Psoriasis is a chronic, noncontagious skin condition that causes skin cells to build up and form red, inflamed patches.

Following decades of research, doctors remain unclear as to the exact causes of psoriasis. But they understand that the immune system, genetics, and environmental factors can play a key role.

This article will look at psoriasis and the immune system and how to boost immunity. It will then explore possible complications of psoriasis, as well as triggers and treatments.

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Many experts classify psoriasis as an autoimmune disorder, although others disagree. One alternative theory is that psoriasis occurs because the immune system reacts irregularly to bacteria on the skin due to genetics.

In an autoimmune disease, specific triggers cause the immune system to malfunction. These triggers vary between individuals. But in the case of psoriasis, they can include stress and skin trauma, such as insect bites, sunburn, and scratches.

In psoriasis, the activated immune system mistakenly launches an inflammatory response. It begins to attack healthy cells as though they were harmful invading pathogens. White blood cells called T helper lymphocytes, or T cells, become irregularly active and produce excess signaling molecules.

These cytokine molecules cause the blood vessels in the skin to widen. In turn, this causes white blood cells to accumulate, and keratinocytes, which make up the outer layer of the skin, to multiply much faster than usual.

In psoriasis, the process of a cell dividing, maturing, migrating to the skin’s surface, and sloughing off is complete in as few as 3–7 days, compared with 3–4 weeks in a person without psoriasis.

The result of this skin buildup is thickened, flushed, and scaly skin plaques.

Learn what psoriasis on black skin can look like here.

Learn five facts about psoriasis and the immune system here.

Psoriasis causes

There are many different types of psoriasis.

Researchers believe that a combination of factors can cause an individual to develop psoriasis.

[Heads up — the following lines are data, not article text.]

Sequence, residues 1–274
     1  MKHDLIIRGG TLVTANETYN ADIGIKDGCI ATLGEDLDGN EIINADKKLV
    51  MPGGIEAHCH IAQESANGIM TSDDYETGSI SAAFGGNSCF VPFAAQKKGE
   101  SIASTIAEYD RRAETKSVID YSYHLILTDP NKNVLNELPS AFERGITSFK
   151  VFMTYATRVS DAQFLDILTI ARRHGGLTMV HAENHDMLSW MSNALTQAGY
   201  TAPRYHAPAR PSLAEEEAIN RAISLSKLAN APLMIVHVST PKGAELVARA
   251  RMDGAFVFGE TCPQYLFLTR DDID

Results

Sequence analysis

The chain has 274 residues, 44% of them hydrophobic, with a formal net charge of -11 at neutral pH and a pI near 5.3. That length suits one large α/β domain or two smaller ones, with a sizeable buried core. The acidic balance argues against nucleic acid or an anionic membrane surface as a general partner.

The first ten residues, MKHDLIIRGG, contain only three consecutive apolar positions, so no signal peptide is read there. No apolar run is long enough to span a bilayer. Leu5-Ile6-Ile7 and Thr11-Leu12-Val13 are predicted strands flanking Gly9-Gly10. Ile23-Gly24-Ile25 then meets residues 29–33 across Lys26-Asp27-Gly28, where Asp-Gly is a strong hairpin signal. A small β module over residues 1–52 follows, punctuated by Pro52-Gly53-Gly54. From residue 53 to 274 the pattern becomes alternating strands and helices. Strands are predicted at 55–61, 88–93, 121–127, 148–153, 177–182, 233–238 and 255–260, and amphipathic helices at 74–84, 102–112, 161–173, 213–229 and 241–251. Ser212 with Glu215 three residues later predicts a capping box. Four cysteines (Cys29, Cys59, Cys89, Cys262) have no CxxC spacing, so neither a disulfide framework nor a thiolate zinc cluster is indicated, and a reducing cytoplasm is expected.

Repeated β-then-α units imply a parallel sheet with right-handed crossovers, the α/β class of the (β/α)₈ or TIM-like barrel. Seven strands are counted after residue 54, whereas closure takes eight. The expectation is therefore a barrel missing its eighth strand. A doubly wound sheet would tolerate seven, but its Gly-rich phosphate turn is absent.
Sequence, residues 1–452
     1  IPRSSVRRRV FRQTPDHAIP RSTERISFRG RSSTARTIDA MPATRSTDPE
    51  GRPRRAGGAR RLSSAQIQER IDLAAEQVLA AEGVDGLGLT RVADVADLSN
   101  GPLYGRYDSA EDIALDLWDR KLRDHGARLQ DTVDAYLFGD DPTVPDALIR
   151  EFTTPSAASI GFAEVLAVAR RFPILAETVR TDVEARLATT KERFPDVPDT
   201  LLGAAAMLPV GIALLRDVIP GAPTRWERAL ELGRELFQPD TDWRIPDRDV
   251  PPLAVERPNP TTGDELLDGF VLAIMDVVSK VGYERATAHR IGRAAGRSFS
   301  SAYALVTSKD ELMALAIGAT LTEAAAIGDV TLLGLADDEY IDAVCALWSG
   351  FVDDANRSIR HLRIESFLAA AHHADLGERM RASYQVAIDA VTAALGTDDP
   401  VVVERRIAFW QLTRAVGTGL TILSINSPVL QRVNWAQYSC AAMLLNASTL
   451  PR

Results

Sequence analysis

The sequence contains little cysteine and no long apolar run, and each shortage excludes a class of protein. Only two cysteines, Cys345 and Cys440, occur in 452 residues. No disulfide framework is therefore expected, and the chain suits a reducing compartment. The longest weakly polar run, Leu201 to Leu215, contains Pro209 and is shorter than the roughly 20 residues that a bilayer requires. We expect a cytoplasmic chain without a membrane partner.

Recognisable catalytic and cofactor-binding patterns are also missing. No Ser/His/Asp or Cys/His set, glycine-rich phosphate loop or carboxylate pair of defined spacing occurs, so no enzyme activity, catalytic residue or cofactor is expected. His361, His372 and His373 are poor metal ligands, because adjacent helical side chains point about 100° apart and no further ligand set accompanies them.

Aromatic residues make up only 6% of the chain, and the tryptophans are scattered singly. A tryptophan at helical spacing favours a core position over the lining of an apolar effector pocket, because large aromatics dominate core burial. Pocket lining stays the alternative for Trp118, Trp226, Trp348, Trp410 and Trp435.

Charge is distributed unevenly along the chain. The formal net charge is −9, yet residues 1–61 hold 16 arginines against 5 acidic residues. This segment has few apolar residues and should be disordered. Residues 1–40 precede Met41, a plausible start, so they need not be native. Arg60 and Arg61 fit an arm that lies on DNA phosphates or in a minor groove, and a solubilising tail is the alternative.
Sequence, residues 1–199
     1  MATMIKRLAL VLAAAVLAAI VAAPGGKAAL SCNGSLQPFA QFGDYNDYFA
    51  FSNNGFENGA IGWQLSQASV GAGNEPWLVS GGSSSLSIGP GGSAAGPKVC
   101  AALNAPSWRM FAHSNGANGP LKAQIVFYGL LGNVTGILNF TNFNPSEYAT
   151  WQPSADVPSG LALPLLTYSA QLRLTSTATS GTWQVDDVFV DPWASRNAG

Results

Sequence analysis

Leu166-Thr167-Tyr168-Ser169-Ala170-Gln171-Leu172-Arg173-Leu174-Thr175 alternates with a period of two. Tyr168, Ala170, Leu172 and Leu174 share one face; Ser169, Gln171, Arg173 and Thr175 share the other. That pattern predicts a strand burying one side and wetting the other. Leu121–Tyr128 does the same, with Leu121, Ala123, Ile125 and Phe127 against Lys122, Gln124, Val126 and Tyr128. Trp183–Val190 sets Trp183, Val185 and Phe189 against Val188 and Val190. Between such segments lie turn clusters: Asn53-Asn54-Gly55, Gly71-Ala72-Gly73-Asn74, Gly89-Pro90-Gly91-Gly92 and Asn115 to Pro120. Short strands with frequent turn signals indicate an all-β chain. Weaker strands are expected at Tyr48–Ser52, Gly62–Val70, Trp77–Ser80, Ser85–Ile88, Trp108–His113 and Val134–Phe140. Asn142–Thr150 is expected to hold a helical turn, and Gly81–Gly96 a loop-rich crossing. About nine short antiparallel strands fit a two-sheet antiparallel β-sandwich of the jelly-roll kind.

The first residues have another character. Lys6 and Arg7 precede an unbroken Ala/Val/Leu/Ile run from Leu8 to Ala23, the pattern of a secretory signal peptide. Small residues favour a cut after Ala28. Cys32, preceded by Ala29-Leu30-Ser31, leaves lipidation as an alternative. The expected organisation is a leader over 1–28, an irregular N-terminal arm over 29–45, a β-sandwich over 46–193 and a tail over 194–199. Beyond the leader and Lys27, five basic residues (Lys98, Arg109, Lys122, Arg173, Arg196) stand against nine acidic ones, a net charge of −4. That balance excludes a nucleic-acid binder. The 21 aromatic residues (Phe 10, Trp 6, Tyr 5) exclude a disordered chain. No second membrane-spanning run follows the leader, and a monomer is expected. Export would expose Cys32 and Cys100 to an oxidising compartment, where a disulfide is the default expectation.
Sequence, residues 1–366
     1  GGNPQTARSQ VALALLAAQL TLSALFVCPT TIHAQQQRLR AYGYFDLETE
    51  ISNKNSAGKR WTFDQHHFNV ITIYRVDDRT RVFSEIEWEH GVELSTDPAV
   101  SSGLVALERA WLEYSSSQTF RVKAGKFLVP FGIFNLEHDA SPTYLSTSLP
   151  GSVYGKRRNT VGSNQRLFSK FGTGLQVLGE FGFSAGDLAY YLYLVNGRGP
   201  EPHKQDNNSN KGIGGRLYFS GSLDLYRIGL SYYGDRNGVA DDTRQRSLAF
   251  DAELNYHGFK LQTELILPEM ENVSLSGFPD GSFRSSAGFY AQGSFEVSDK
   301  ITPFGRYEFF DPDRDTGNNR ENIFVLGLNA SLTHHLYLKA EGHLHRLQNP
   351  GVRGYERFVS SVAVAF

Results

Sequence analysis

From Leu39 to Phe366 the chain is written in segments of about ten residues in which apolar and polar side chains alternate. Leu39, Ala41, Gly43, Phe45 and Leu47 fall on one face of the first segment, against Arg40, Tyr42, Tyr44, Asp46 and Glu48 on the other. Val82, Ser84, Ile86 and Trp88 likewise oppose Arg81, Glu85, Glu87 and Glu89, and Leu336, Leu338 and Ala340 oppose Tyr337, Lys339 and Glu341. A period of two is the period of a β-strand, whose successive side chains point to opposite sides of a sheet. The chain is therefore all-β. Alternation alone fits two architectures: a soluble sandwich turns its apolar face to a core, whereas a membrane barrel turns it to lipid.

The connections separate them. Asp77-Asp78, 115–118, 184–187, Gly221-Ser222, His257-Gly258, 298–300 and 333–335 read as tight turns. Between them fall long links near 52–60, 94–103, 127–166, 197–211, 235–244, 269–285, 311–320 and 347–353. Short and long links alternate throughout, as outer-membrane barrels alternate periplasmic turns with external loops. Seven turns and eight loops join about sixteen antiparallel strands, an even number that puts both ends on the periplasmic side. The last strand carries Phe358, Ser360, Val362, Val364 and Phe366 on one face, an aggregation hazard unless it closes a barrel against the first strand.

In some cases, genetics can be a cause, as the condition often runs in families. If a child has one affected parent, they have a 16% chance of developing psoriasis. With both parents, the chance jumps to 50%.

But some individuals with no family history may also develop psoriasis. This finding highlights the effect environmental factors such as stress, smoking, and diet may have on psoriasis development.

Having psoriasis does not necessarily mean a person is immunocompromised.

But some people take medication for psoriasis that reduces immune function, called immunosuppressant drugs. This can mean a person is immunocompromised. An example of an immunosuppressant drug that doctors use to treat psoriasis is adalimumab.

Learn whether COVID-19 is more dangerous for people with psoriasis here.

Having a properly functioning immune system is essential to health.

There are various ways that individuals with psoriasis can regulate their immune systems through diet and exercise.

Mediterranean diet

According to a 2018 study, following a Mediterranean diet can slow the progression of psoriasis since it reduces inflammation.

The Mediterranean diet consists of the following:

High consumption of:Low consumption of:
vegetablesdairy products
extra-virgin olive oil


People use this yellow spice in cooking and natural medicines. Turmeric may positively impact someone’s immune response.

According to one 2017 paper, the curcumin found in turmeric has antioxidant and anti-inflammatory effects.